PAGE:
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The Need for Speed
World champ Lewis Hamilton on staying, and feeling, young and motivated for success.
It’s fair to speculate that Lewis Hamilton polarises opinion, even in the midst of being unveiled as the greatest ever Formula One racer.
His victory at Turkish Grand Prix in the middle of November last year ensured the Stevenage-born speedster equalled Michael Schumacher’s record of seven Drivers’ Championships, having already surpassed the German’s race victory total the month before, in another season of unparalleled dominance.
And while not everything has gone his way so far this season, the bookies are still firm in their backing of the 36-year-old Brit as, categorically, the man to beat.
The champ said: “To all the kids out there, dream the impossible! Seven is just unimaginable but when you work with such a great group of people and you really trust each other, there is just no end to what you can do together.
“I feel like I’m only just getting started, it’s really weird.”
He may just be correct in that statement. The Mercedes driver has time on his side – the great Luigi Fagioli was 53 when he scored his final race win at the 1951 French Grand Prix.
Certainly, it’s becoming difficult to remember a time when Hamilton’s grit, speed and desire wasn’t present in the sport. Many believe he truly announced himself at the British Grand Prix in 2008, driving for McLaren. Although he’d already clocked up six victories, dating back to Canada a year previously, his mastery of brutally wet driving conditions to win by over a minute after starting fourth on the grid, set a precedent where he was regarded as the driver to beat. What he has done since has lived up to the potential he showed that incredible day.
While life away from the track often gathers as many headlines for Hamilton, the racer is confident in his commitment to the sport.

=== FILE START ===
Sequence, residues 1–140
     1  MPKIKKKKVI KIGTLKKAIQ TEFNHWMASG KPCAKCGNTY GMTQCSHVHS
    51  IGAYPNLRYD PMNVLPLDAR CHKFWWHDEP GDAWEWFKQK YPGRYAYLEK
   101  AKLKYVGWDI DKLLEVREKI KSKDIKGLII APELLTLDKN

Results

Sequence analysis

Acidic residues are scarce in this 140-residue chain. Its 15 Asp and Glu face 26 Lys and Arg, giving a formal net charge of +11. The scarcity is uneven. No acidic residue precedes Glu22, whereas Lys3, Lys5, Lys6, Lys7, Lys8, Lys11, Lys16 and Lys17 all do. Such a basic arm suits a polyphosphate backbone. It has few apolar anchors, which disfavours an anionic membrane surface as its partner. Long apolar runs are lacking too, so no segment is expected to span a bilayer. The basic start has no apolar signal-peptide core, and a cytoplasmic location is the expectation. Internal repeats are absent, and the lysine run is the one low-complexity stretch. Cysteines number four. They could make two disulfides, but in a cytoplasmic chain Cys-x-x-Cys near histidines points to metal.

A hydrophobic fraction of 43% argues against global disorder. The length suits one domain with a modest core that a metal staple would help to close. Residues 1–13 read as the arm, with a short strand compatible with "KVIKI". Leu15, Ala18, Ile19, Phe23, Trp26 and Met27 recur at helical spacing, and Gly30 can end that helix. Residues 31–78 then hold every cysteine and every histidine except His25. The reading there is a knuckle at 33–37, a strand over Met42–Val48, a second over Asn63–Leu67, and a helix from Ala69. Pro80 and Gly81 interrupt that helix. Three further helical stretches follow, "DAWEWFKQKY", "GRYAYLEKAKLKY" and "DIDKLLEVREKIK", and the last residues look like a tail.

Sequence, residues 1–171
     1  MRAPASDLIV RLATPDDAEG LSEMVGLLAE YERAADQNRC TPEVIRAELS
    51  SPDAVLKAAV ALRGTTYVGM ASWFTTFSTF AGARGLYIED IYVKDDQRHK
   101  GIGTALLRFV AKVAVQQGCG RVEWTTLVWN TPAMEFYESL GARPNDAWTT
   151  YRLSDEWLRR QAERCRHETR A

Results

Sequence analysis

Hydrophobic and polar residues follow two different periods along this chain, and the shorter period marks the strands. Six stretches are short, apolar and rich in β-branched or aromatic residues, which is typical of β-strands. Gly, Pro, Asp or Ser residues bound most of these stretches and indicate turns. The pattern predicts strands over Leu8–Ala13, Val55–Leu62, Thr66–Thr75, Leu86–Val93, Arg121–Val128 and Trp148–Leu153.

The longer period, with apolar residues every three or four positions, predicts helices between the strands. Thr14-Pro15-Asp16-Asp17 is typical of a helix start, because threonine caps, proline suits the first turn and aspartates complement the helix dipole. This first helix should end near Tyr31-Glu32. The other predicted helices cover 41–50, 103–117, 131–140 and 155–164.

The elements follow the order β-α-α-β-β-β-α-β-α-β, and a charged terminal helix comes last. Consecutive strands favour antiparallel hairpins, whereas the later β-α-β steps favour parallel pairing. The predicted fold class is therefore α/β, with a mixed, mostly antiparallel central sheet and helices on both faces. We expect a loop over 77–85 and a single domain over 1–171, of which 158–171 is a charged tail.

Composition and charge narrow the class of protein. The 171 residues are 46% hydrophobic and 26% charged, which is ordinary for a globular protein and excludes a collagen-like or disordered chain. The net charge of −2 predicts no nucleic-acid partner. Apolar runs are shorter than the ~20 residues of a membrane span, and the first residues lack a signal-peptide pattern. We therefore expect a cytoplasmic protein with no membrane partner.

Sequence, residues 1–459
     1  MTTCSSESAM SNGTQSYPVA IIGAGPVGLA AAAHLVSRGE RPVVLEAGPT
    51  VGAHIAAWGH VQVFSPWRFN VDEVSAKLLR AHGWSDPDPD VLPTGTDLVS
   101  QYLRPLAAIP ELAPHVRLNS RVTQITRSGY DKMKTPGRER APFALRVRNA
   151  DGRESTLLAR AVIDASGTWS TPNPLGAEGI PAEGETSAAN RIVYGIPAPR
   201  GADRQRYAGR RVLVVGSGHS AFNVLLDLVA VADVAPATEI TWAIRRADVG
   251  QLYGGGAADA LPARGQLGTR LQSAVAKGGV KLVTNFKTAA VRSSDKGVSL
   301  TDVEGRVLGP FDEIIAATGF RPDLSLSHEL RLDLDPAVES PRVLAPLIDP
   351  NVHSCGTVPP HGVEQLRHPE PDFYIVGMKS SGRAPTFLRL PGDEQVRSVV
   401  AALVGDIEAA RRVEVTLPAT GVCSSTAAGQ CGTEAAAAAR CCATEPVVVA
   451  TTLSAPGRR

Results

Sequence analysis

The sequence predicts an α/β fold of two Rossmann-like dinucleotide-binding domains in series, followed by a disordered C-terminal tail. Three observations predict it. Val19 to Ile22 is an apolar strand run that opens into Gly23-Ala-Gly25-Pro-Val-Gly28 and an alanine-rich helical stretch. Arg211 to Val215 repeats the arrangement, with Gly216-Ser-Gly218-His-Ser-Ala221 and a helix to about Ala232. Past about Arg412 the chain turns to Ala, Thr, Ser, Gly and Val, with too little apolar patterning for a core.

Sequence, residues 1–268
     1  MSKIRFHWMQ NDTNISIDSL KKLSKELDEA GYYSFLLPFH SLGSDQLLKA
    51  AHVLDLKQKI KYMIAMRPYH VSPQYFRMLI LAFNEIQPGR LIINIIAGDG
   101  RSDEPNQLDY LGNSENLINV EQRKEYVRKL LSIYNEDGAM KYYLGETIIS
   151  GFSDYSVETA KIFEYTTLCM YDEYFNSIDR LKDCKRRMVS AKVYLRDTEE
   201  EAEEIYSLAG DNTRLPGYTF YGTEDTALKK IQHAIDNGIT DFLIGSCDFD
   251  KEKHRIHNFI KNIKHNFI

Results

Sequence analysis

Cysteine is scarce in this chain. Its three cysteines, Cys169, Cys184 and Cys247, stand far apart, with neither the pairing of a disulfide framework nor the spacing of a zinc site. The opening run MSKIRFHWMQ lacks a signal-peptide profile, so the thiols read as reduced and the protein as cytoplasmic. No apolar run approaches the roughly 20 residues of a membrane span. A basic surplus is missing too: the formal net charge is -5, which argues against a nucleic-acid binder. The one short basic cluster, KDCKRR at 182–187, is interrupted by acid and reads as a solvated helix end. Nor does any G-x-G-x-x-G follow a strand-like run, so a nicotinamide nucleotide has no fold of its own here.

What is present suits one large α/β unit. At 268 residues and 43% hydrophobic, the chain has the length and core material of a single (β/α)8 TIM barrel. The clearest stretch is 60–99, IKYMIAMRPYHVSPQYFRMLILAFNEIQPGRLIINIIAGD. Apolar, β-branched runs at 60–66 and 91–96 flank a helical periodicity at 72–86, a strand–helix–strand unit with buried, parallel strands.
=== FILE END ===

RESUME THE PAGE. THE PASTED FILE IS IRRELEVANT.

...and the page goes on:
“I know people like to brand me as this celebrity who cares more about image, money and photoshoots than he does his profession, but I can assure you that’s not true nor has it ever been true.
“There are no racing drivers who finish a day’s racing on the track, head home get to bed then wake up the next morning and do the same thing again and again and again. We all have lives outside the circuit, and of course it’s one of those sports where there is a lot of other stuff going on, and with all the money in the sport means you get these big showbiz events.”
As far as being the sport’s ‘Marmite man’, his 2020 BBC Sports Personality of the Year Award proves that public swell remains with him. And anyway, not only does Hamilton give short shrift to the detractors, he has the ability to stay calm and collected at all times.
“Racing has been a part of my DNA from the start,” he says. “I’m just not one of those drivers who’s going to go around losing my rag.
“I do remember back in the day watching Michael Schumacher square up to other drivers and go after them in the pit lane at the end of races, and don’t me wrong it was great entertainment to watch that kind of thing. And actually, it was exciting for the sport to think that you had these really passionate guys driving cars who could possibly flip at any moment; but that’s just not me, and for the most part it’s not the way others would behave.
“We are in a different era and a lot of us have been trained as racing drivers to keep our cool, because when you start to lose your mind in a car you start to lose control.”
As for what comes next, Hamilton remains as confident and motivated as ever. “In thinking about the future I always look to the past and I’ve been with Mercedes a long, long time.
“It’s been a privilege to see Mercedes evolve, see the success over those years, and now to be a part of that success and to see them constantly evolving, innovating, moving forward.”